Maximi Planudis in memoriam [Pt.1]
6 Maximi Planudis in memoriam (11) V ERG ABS ABS N N V : : ABS LOC ABL : : : : N : N : N : : : : : : : : : : : : : : : Egbert the bomb to Canada from Australia I have termed such a part representation as the upper predication in (11) a quasi-predication (Anderson forthcoming): it contains an empty argument with no dependent, on to which a case phrase from the lower sentence can be copied. I shall refer to a non-quasi basic predication and its associated set of higher predications as a global predication. If the quasipredication is simple (contains only one empty N) then it is the immediately lower subject that is copied. Thus, in this particular instance, the upper absolutive N becomes free for the lower subject phrase to be copied on to it, and the original is deleted, to yield (12). 14 (12) V ERG ABS ABS N N V : : LOC ABL : : : : : N : N : : : : : : : : : : : : : : : Egbert the bomb to Canada from Australia The originally lower absolutive phrase can thus become the subject in the corresponding passive, since it is at this stage governed directly by the upper V. Finally (for our purposes), the lower V is subjoined to the upper: the concatenation relation between them is obliterated, and form a single complex segment (see Anderson, 1971c; forthcoming). The result is (13). 14 I do not necessarily mean to suggest that the actual phonological specification is involved in copying, since these operations may be pre-lexical.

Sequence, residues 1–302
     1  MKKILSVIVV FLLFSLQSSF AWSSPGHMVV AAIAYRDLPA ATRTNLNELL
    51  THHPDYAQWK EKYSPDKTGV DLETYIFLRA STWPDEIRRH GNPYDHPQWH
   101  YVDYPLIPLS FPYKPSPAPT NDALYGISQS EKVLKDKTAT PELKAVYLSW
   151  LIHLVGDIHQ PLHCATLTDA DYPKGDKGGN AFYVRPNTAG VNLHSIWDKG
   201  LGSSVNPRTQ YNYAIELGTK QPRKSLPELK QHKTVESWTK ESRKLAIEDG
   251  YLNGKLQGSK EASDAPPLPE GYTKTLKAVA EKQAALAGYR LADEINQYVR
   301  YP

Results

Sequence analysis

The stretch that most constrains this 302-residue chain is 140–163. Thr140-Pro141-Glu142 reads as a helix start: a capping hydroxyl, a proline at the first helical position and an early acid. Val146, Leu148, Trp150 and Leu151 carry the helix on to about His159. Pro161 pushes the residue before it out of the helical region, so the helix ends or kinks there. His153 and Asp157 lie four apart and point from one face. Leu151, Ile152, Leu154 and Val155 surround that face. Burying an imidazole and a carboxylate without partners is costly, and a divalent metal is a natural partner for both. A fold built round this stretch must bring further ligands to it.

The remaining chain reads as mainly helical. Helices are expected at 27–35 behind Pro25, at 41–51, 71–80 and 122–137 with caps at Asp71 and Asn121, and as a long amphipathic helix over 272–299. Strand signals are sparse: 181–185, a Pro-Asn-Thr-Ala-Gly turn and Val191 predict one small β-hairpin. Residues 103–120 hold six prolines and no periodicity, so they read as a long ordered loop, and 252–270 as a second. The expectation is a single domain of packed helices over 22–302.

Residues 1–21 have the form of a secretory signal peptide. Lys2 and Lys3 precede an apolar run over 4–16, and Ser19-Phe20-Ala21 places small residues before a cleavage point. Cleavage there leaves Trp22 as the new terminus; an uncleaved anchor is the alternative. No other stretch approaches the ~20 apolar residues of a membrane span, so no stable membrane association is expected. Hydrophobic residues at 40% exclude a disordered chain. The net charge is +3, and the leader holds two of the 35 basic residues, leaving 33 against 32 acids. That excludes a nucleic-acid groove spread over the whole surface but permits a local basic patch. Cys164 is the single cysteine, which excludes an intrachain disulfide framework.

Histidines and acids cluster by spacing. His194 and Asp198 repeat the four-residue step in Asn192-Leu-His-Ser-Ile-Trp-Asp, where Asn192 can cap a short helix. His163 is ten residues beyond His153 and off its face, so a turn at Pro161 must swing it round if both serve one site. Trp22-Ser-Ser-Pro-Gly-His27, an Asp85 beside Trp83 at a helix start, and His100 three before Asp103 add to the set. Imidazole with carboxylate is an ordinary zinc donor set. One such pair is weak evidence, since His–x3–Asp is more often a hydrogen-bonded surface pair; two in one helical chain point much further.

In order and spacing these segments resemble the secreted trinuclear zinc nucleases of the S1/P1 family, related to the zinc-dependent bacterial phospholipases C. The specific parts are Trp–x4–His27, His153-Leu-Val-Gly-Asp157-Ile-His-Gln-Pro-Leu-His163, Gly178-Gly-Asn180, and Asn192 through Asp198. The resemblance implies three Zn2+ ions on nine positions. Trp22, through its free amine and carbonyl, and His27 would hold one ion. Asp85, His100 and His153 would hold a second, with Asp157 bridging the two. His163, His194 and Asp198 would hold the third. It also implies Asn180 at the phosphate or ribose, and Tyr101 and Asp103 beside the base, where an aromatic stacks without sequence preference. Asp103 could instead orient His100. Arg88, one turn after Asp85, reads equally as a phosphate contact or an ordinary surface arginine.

John Anderson (13) V | ERG ABS ABS LOC ABL | : : N V N : N : N : : : : : : : : : : : : : : : : : : : : : : : : : : : : : : : : : : : : Egbert sent the bomb to Canada from Australia (I have ignored here the operation of the pruning rules associated with subject- and objectformation.) We must now consider the derivations of the sentences with indirect objects or locative subjects. One or two preliminary observations are in order. Notice firstly that these phenomena are not independent: verbs which take an indirect object also allow the locative to be subject in passives. Compare the examples in (14): (14) (a) (i) I said that to John (ii) *I said John that (iii) *John was said that (b) (i) I told that to John (ii) I told John that (iii) John was told that Secondly, observe that the locatives occur in subject position specifically in passives and as objects in the corresponding actives. 15 Now, this is exactly the distribution of ABS in predications which also contain ERG: subject if passive, object if active. (ERG, on the other hand, is subject in actives, and is not involved in subject- or object-formation in passives.) Given these two observations, it would appear that it is the locative in the lower sentence that is copied on to the higher absolutive phrase in sentences like (2), (4) and (6)- (7), and thus undergoes subject- or object-formation (depending on whether the sentence is passive or active). And this suggests that the locative phrase (rather than the absolutive) is originally in subject-position in the lower predication – as in (15) (15) V ERG ABS ABS N N V : : LOC ABS ABL : : : N N : N : : : : : : : : : : : : Egbert Seymour the bomb from Australia 15 This account is very much oversimplified, see Anderson 1971b: ch.10. 7